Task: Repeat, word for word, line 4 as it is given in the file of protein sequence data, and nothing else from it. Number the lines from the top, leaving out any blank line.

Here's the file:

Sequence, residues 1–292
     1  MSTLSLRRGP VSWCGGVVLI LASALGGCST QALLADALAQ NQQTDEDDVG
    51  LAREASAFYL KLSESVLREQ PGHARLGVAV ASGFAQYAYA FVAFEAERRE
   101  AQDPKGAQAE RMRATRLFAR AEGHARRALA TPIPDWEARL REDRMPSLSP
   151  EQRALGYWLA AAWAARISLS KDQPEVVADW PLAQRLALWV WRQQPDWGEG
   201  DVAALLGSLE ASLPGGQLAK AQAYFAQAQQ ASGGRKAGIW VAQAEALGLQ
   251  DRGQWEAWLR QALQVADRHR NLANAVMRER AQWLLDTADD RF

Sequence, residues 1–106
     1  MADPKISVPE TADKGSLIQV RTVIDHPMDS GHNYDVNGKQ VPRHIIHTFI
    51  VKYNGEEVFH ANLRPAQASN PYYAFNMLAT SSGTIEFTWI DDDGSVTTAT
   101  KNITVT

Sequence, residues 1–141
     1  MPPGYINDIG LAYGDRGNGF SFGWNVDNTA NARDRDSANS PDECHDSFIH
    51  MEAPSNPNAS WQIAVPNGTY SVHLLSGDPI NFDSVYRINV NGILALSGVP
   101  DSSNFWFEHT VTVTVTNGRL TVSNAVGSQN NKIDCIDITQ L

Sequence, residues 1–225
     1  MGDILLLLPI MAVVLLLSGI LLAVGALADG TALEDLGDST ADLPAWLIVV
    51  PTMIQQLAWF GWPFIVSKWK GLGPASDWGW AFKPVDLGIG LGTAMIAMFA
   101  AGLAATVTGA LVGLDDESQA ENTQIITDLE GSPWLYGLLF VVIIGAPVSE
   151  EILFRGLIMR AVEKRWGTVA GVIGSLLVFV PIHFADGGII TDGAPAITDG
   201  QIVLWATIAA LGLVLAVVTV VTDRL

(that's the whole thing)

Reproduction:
   101  AQDPKGAQAE RMRATRLFAR AEGHARRALA TPIPDWEARL REDRMPSLSP